Aspiring taxi drivers in London learn the names and locations of 25,000 streets and 20,000 landmarks within a six-mile radius of Charing Cross train station, and the shortest routes between them, before they're awarded a Green Badge to operate a black cab in that ancient, fogbound city. This education—it takes about four years, like college—is called "doing the Knowledge," or simply "doing the K."
This summer, for the first time, my children are doing the K, only the ancient, fogbound city they're studying isn't London, it's Baseball, a mystifying metropolis of endless side streets and points of interest in which the K at the start of Knowledge gets turned around—like a switch-hitter or the bill of a catcher's helmet—whenever a batter strikes out looking.
Until you become an ancient wizard charged with passing on the game's knowledge to young apprentices, you don't realize how much of baseball custom is counterintuitive, and indeed counterclockwise, which is why so many rookie Little Leaguers instinctively run to third base after getting their first hit.
Little League is celebrating its 75th anniversary this month and is a powerful gateway drug to Major League Baseball fandom. And so my children, three of whom started playing Little League this spring, have become suddenly hooked on the big league game as well, falling headlong into its bottomless abyss of statistics, logos, customs, ballparks, mascots and secret handshakes. "Is corking a bat only illegal in baseball?" my nine-year-old asked during a recent conclave in front of the TV. "Or is it, like, against the law in the real world too?"
The kids have asked why innings start at the top and end at the bottom when all other things in their world—stairways and rock walls, Lego houses and bunk-bed ladders—start at the bottom and end at the top. By now they know how to decipher the default graphic overlay on most televised games: the series of dots signaling balls and strikes, the squares that show runners on base, the pitch count, the pitch speed and the pitch location. They announce the information with each new pitch, as if cracking the Enigma code during World War II. Which is what all of baseball is, really—encrypted information, like the signs flashed by the third base coach, often indecipherable even to its intended recipient.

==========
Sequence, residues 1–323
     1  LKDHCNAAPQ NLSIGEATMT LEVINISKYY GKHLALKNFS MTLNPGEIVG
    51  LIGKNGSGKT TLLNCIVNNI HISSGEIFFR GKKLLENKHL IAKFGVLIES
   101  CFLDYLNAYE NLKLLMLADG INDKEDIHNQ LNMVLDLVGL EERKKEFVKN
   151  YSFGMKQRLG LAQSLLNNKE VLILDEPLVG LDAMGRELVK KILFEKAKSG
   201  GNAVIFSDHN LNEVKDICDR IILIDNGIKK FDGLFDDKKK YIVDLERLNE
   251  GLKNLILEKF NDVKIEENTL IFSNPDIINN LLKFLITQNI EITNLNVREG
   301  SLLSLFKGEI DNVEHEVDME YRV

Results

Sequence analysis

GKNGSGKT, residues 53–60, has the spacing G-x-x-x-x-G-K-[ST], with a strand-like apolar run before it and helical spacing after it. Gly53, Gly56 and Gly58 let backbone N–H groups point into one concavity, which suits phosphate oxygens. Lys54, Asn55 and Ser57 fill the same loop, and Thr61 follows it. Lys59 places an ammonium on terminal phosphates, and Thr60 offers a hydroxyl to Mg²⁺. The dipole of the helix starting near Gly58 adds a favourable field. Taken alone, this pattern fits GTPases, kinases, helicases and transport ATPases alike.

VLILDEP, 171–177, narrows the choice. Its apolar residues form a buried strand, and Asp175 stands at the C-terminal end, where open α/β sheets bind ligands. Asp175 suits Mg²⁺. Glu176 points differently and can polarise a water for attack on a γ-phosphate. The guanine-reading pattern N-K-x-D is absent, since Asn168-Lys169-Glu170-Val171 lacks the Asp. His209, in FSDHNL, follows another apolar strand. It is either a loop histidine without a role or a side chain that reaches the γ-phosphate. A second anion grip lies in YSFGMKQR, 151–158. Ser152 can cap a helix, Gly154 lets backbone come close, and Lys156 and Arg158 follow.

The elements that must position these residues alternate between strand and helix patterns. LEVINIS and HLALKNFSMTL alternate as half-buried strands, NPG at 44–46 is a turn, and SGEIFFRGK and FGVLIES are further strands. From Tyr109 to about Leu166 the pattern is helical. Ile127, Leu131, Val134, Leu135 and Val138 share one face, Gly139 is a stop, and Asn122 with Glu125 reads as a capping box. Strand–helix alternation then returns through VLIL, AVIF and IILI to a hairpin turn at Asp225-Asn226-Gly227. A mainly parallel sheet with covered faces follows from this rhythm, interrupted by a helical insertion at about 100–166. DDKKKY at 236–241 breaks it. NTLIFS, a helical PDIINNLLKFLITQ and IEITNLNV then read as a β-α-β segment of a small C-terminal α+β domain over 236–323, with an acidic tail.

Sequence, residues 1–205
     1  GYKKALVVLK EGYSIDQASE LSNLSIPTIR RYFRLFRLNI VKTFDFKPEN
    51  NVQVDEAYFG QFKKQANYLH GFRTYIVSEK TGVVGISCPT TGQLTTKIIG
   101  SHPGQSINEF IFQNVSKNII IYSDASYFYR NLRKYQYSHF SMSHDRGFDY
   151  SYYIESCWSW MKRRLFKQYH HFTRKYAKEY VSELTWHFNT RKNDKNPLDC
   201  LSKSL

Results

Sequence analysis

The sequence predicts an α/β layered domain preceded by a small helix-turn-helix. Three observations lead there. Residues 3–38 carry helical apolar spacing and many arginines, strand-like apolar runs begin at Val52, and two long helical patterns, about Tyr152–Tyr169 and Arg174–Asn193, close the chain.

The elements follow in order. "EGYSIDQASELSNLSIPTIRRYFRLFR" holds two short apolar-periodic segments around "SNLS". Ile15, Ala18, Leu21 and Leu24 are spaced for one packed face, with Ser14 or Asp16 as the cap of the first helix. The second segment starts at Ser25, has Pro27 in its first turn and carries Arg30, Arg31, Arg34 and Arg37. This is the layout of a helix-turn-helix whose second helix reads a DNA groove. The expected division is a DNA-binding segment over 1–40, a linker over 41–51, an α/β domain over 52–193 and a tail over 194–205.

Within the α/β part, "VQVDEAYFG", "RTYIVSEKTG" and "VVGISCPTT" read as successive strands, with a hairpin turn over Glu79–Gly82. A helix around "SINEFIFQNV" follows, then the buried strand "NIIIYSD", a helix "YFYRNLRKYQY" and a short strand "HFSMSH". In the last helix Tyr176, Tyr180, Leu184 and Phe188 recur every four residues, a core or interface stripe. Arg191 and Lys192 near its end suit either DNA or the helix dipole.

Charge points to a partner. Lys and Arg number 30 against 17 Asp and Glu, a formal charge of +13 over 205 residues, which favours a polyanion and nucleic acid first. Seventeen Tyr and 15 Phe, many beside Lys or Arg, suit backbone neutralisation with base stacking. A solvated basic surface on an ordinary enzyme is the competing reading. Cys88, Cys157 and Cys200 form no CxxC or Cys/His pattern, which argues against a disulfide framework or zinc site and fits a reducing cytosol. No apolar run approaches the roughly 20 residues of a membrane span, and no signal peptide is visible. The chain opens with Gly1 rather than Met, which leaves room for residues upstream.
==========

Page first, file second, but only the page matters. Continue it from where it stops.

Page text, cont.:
Learning baseball is like learning Cyrillic: There's that specialized baseball-cap alphabet of linked NYs and TCs and STLs. But learning baseball is also like learning algebra, American history, geography, poetry and agronomy, all at the same time. And so we've discussed the science of mowing patterns, the tricks of light and shade that make the grass at Citi Field appear as beams of light emanating outward from home plate, a pattern we now call the Tejada Sunrise.
Every pitch brings a new conundrum. What gender is the pantsless Phillie Phanatic? (Its pink eye shadow hints at phemininity.) Why are umps so fond of pleated pants? (Flat fronts are never as roomy.) So many more of these questions are unanswerable, including "Why is the cartoon Oriole on the Orioles cap wearing an Orioles cap without the cartoon Oriole on it?" When the kids ask why the pitcher is the only position player entitled to his own cleat cleaner, it's clear that even if I live to 900, like Yoda, I'll expire before the questions do.
The difference between doing the Knowledge in London and doing the Knowledge in Baseball is the latter study never ends. Baseball is a test you cannot pass. In a quarter century of sportswriting I've learned 3% of its streets and cul-de-sacs and power alleys. And that's a good thing. Samuel Johnson wrote, "When a man is tired of London, he is tired of life," an assertion truer still of baseball.
In a recent conversation about the minimal acceptable batting average for a major league player, the children discovered the Mendoza Line, named for career .215 hitter Mario Mendoza. And so they crossed the Mendoza Line together, the way Lewis and Clark crossed the Continental Divide. Which is to say, on the other side, a little more of the world was revealed.
Until you're charged with passing on the game's knowledge, you don't realize how much of baseball custom is counter-intuitive.
What questions do you have about baseball arcana?
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DAMIAN STROHMEYER/SPORTS ILLUSTRATED